EH: As a company, A Shell in the Pit Audio is always looking for cool new projects, and generally we'll approach the developers to let them know we're interested and give them our reel. We do indie games because we love them. For me, they're far more creative, adventurous and fun than the big expensive games.


SH: How does sound design on a musical game like Wandersong differ from a standard game? 

EH: It involves a lot more variation in the sound design, and a lot more content in general. For musical sound effects instead of just a few variations I'll have to create the entire scale the music is in. I'll usually do that through a program called Kontakt, on a keyboard.

Wandersong singing screenshot

(via Greg Lobanov)

SH: What's your role as a principal creative on Wandersong, and what were your most important tools for the job?

EH: I do all the sound effects, and Gordon McGladdery, who runs A Shell in the Pit Audio does the music.

My most important tool is my DAW [Digital Audio Workstation] Reaper. I highly recommend it to anyone who is thinking of starting out in sound design. It's basically what I do all my editing in. Next is my microphone, because I do so much of my work by recording things. I don't actually use too many fancy plugins. For reverb I use something called Fog Convolver, and I have a delay by Izotope that I'm quite fond of.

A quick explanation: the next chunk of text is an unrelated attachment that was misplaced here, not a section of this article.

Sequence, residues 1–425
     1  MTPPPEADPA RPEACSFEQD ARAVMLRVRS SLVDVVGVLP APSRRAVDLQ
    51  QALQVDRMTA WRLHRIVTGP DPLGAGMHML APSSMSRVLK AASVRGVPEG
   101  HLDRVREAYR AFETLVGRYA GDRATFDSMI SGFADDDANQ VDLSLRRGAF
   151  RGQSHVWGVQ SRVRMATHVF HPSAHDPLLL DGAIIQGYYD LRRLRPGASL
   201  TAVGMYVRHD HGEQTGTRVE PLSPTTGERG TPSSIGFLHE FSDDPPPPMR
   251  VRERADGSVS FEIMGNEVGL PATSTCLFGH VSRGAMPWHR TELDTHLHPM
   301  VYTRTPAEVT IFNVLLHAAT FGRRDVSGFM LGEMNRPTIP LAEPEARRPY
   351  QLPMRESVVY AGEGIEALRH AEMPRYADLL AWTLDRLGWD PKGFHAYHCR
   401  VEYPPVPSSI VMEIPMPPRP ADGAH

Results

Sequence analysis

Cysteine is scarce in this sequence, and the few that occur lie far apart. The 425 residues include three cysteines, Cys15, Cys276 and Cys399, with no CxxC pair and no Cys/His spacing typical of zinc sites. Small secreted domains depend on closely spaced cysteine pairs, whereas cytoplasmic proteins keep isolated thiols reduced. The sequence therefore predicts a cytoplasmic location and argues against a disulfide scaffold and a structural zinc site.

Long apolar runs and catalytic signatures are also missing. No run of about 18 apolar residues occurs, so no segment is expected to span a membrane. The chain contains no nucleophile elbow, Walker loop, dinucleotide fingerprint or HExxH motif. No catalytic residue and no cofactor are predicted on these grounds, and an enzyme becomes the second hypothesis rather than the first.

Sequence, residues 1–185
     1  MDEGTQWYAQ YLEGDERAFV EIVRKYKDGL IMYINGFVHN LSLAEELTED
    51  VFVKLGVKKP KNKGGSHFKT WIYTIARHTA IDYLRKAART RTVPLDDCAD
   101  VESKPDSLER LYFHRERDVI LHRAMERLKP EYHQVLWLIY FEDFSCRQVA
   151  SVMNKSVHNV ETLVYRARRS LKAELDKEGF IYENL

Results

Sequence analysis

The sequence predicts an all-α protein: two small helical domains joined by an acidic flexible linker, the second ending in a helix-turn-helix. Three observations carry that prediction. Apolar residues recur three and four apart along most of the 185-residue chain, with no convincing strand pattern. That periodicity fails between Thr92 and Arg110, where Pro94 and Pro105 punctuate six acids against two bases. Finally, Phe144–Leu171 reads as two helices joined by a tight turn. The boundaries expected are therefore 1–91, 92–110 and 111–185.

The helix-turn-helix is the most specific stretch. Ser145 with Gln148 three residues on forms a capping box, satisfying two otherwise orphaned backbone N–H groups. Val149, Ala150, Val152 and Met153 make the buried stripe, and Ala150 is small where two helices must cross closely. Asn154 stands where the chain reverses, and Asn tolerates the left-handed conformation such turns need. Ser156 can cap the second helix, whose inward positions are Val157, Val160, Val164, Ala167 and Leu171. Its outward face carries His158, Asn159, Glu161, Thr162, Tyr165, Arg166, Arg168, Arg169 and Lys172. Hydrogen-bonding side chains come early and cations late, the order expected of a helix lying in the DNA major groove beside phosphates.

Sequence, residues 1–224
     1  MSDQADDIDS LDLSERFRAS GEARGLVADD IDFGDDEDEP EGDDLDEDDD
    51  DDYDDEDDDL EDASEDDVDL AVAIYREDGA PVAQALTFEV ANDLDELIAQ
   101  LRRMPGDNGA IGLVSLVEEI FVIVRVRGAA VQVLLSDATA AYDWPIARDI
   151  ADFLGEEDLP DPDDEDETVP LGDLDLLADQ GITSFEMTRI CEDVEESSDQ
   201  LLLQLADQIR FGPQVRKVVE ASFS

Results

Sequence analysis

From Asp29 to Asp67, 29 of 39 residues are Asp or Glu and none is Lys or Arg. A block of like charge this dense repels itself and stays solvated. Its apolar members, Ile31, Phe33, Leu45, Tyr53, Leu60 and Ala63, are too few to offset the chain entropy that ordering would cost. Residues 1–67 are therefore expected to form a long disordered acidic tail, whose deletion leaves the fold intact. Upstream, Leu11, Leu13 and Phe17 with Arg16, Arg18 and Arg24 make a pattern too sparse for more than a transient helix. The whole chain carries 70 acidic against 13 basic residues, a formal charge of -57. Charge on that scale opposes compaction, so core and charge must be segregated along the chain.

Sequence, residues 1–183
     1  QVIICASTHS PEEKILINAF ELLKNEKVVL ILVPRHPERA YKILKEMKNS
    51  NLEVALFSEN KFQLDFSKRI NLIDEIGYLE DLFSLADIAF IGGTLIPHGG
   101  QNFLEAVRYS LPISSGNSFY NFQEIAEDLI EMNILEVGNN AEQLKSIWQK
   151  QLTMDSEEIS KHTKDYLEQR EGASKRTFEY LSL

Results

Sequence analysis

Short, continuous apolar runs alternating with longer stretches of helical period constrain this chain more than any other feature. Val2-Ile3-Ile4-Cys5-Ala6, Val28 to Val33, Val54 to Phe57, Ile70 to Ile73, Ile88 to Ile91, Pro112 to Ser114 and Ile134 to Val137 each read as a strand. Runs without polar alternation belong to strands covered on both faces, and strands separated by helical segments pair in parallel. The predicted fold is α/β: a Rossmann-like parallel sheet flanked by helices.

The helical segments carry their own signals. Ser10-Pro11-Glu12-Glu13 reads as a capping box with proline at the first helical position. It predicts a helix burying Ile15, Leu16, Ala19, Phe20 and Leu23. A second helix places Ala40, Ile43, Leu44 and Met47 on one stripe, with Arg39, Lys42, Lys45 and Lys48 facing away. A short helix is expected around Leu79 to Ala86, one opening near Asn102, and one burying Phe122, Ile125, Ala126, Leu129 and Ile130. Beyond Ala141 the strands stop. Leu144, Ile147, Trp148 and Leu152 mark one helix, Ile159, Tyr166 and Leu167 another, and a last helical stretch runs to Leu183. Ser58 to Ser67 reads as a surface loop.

SH: How was working on Night in the Woods? Different from your experience on Wandersong

EH: Night in the Woods was different in the process because when I came on as a sound designer they'd already been working on it for quite a while. With Wandersong, we came on right at the beginning, so we've been able to collaborate more. Sound does play different roles in both games as well. In Night in the Woods I focused heavily on the ambiances and foley because the world is based so much around the location. With Wandersong it's more about the music, and we'll also be doing character voices, which is a pretty big undertaking.

Night in the Woods screenshot

(via Finji)

SH: Any advice for anyone who wants to get into sound design?

EH: My biggest advice is to get out and meet people in games and in the sound industry. For the most part, jobs are passed around through word of mouth, so the more friends you have, the easier getting your foot in the door will be. Having a good ear is important, but that can be trained if you have a good work ethic.

Also, the first thing you should do is buy a recorder and start building your sound effects library. It's the most valuable thing you'll own as a sound designer. If you're looking for ideas of what to record, check out some crowdsourced sound effects libraries.

If you're a woman looking to get into sound it can be intimidating that it's so male-dominated, but don't give up on your passion! The community is incredibly supportive, especially once you get past the more immature side of audio school, which isn't even always necessary.

We also have a big community of women in the industry who are there for each other on Slack. If you're in Vancouver, we also have a meetup group!


You can also follow Halberstadt on Twitter @emaudible.


Want to learn even more about how video games get made? Click HERE to read our interview with Double Fine senior gameplay programmer Anna Kipnis.